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SEND What to expect from your early years provider

Boy blowing bubbles

The Early Years Foundation Stage (EYFS) Framework requires early years providers to have arrangements in place for meeting children’s SEN.  A group setting, such as a school, day nursery or preschool playgroup, is expected to identify a SENCO. 

The role of the SENCO involves:

  • ensuring all practitioners in the setting understand their responsibilities to children with SEN and the setting’s approach to identifying and meeting SEN
  • advising and supporting colleagues
  • ensuring parents are closely involved throughout and that their insights inform action taken by the setting
  • liaising with professionals or agencies beyond the setting 

 

Identifying and assessing children's needs

Early years practitioners working with children should monitor and review the progress and development of all children throughout the early years. 

Where a child appears to be behind expected levels, or where a child’s progress gives cause for concern, practitioners should consider all the information about the child’s learning and development from within and beyond the setting, from formal checks, from practitioner observations and from any more detailed assessment of the child’s needs. Where any specialist advice has been sought from beyond the setting, this should also inform decisions about whether or not a child has SEN. All the information should be brought together with the observations of parents and considered with them. 

All early years providers are required to have arrangements in place to identify and support children with SEN or disabilities and to promote equality of opportunity for children in their care. These requirements are set out in the EYFS Framework

A graduated approach to meeting special educational needs

A graduated approach is a model of action and intervention in early education settings, schools and colleges to help children and young people who have special educational needs. It recognises that children learn in different ways and can have different kinds or levels of SEN. So increasingly, step by step, specialist expertise can be brought in to help with the difficulties that a child may have.

Our Graduated Approach Guidance document explains the provision for children and young people with special educational needs (SEN) which should be available. The Graduated approach guidance also provides the threshold for access to the high needs funding block.

Most pupils with SEN in mainstream schools have their needs met at SEN Support.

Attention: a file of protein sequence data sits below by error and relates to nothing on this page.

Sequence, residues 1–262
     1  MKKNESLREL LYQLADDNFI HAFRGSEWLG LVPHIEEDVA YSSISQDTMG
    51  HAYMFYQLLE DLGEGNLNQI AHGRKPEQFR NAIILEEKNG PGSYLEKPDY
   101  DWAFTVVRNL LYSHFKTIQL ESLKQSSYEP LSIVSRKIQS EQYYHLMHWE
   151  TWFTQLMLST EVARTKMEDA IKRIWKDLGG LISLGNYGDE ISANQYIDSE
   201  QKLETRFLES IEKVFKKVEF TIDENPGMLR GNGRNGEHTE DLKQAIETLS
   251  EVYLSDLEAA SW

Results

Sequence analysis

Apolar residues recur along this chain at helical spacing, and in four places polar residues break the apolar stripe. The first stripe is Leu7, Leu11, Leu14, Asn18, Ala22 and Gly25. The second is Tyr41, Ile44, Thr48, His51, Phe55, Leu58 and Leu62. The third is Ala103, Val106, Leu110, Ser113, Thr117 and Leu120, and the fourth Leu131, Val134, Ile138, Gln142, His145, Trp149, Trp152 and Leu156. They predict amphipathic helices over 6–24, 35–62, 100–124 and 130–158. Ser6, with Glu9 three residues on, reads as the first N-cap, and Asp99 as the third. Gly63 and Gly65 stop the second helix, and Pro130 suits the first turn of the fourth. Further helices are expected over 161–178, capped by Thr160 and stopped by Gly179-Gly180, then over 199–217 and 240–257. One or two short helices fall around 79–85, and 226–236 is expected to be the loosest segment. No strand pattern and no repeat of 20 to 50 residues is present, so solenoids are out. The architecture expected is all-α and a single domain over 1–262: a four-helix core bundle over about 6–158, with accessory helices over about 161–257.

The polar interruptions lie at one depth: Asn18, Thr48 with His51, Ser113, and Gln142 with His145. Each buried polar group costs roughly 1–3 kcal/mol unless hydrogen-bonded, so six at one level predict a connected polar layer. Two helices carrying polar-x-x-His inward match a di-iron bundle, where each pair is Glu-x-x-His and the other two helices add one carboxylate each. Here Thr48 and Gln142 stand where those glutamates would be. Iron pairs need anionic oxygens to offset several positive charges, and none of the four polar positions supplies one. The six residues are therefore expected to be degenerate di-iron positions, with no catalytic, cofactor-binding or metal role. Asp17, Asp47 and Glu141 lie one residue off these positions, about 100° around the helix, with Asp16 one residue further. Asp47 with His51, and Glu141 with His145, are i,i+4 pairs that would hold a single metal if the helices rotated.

SEN Support is provided through a graduated approach . The SEND Code of Practice (p.100), supported by the Children and Families Act 2014, state very clearly that early years settings, schools and colleges have to meet the needs of all children and young people with Special Educational Needs, including those that do not have an Education, Health and Care (EHC) plan.

The graduated approach recognises that children learn in different ways and can have different kinds or levels of SEN. So increasingly, step by step, specialist expertise can be brought in to help with the difficulties that a child may have

Staff in early years settings, schools and colleges must use the graduated approach four step process: Assess, Plan, Do, Review.

 

AssessPlanDoReview

  • Assess - analyse the child or young person’s special educational needs
  • Plan - identify the additional and different support needed
  • Do - put the support in place and
  • Review - regularly check how well it is working so that they can change the amount or kind of support if needed

The Graduated Response document gives the expected standards and provision for pupils across Trafford.

A very small number of children and young people may not make progress despite SEN support. In these cases an Education, Health and Care (EHC) needs assessment may be appropriate. This is a detailed assessment of a child or young person’s special educational needs and the support they may need in order to learn and progress.

Services that support early years providers

There is a wide variety of services across education, health and social care that provide advice about children with SEN or who are disabled. These services offer training, advice and guidance to early years providers, other services, parents and carers:

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